In fact he was sentenced to death, as were the two thieves who are reported to have been punished beside him. They stole, he blasphemed and the result was execution. None of them sacrificed themselves: they suffered the consequences of their actions.tam wrote:
Christ is the (high) priest, and He sacrificed Himself.
The association of Christ's execution with religious ceremony is a poor metaphor. There is no connection whatsoever between Christ's making bold statements and humans through the world doing wrong. The theory of redemption by effectively putting one's tongue out to authority and getting smacked for it is certainly an interesting product of creative minds, as is the apotheosis of Christ and the Holy Spirit into a trinity with Yahweh. In short there is absolutely no sense in "he sacrificed himself for sins." He may well have had some glorious idea of a singular messianic role, but he was a child of his time, in a world of many gods. His ideas were learned from Scripture, which he dutifully imbibed.
Well "take away" doesn't mean what you say but I suppose we can attach whatever meaning we want if we convert it into religious theory. Pirates were often pardoned, and even raised to high positions, so I suppose sinners could be forgiven if God wanted to be merciful. Of course it is ludicrous that this forgiveness by God should involve the fatal intercession of some man. God forgives, regardless of what happens in London or Rome or Jerusalem.tam wrote:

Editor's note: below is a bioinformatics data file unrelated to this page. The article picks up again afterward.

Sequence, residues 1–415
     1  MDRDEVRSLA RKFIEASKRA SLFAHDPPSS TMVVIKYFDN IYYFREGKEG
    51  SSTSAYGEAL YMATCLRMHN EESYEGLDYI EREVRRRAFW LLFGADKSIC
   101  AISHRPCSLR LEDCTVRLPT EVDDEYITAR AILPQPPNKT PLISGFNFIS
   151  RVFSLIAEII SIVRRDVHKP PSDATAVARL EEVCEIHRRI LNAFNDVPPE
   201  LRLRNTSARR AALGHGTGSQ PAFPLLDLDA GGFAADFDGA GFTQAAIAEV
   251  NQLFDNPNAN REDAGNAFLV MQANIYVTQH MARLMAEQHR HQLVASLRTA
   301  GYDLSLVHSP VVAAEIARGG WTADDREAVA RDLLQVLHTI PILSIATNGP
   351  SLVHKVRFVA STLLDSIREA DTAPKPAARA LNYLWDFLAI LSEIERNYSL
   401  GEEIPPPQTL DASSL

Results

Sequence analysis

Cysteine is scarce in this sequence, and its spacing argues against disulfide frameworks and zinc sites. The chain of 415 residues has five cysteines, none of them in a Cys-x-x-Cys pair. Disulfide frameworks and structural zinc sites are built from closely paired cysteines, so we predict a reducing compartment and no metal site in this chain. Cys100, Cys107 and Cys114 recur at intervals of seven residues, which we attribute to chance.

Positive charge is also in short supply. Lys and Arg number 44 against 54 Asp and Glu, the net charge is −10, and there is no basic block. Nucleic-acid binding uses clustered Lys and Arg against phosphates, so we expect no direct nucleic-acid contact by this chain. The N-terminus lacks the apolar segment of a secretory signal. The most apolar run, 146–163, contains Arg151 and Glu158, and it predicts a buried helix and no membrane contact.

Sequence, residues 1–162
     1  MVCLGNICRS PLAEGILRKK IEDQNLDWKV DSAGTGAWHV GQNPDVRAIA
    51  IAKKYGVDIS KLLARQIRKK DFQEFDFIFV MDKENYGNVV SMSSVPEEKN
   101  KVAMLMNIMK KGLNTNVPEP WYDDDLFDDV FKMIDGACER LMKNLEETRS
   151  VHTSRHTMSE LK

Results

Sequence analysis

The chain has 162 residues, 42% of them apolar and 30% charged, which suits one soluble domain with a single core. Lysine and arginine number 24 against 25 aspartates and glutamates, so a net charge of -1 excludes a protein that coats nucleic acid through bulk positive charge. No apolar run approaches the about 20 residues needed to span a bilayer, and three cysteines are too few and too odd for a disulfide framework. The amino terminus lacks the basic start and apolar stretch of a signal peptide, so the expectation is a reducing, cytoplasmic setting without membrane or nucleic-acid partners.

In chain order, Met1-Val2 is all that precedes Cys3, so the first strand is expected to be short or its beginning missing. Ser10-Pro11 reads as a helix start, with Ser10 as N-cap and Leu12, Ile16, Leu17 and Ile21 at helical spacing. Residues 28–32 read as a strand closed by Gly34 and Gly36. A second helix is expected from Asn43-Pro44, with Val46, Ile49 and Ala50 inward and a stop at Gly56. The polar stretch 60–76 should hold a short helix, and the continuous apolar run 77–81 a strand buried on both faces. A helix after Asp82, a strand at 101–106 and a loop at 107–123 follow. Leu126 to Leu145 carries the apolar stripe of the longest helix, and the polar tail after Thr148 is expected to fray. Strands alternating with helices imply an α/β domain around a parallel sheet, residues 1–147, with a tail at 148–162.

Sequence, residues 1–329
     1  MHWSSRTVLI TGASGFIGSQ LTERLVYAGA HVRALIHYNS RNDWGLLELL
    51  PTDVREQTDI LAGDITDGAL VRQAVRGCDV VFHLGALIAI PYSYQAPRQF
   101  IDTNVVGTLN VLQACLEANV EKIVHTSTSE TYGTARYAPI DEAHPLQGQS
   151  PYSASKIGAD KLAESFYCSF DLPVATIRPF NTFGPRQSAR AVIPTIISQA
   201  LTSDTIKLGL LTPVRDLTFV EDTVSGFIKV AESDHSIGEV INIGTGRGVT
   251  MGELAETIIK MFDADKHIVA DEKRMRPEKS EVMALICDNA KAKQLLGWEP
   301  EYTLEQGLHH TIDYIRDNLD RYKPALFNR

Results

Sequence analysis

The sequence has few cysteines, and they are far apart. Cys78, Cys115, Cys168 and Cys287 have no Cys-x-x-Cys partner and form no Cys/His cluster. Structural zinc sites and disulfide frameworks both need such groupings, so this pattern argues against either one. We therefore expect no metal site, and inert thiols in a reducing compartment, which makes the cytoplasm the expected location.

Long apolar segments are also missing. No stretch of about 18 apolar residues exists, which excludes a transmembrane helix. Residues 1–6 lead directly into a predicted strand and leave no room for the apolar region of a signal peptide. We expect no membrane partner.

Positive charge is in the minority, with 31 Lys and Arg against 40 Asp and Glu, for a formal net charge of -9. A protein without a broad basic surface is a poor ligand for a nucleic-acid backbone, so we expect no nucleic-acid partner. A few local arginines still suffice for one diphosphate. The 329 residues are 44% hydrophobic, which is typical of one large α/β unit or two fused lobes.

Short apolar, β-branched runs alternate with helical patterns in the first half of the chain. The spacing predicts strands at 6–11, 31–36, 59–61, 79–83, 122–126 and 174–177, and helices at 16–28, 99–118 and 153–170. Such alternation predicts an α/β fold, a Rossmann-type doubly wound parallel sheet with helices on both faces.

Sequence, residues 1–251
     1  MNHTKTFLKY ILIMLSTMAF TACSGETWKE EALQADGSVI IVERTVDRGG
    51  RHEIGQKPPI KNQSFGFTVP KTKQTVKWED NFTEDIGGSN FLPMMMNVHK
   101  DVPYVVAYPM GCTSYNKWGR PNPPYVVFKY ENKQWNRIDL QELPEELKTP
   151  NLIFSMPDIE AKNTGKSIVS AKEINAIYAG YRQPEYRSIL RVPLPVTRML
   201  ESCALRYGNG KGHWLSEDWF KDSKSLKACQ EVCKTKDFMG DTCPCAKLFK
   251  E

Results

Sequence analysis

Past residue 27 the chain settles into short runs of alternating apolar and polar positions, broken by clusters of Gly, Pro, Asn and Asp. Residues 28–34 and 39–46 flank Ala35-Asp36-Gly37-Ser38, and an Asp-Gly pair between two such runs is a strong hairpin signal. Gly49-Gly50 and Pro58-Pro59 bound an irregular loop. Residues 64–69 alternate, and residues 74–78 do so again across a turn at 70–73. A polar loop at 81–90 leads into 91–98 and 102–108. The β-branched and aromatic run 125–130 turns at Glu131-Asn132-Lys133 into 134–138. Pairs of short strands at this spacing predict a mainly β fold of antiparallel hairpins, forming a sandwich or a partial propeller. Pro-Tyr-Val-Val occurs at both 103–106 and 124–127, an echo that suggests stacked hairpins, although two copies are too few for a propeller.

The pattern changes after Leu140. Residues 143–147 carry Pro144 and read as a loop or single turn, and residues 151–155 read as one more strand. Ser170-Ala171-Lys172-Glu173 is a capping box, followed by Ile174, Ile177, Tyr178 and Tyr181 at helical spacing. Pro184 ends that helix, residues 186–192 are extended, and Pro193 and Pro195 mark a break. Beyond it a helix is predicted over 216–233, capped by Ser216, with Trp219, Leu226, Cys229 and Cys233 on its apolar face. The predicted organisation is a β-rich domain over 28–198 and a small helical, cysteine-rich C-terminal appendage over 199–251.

"Take away" as in gain forgiveness for; in which case there would be no judgment for those who are in Christ; their sins are 'covered over' by Him (and His blood).
But I suspect that "church" carries a private meaning here and has nothing to do with the Church that gave us Christmas and Immaculate Conceptions, the one that Jesus referred to in Matthew 16: 18.tam wrote:
Just as love can also cover over a multitude of sin; those who are in Christ have Him (and His blood) as their covering.
Do you like the metaphor "covered in blood"? I used to find "washed in the blood of the lamb" both unpleasant and silly when I spoke as a child. Later the unpleasantness passed. Go well.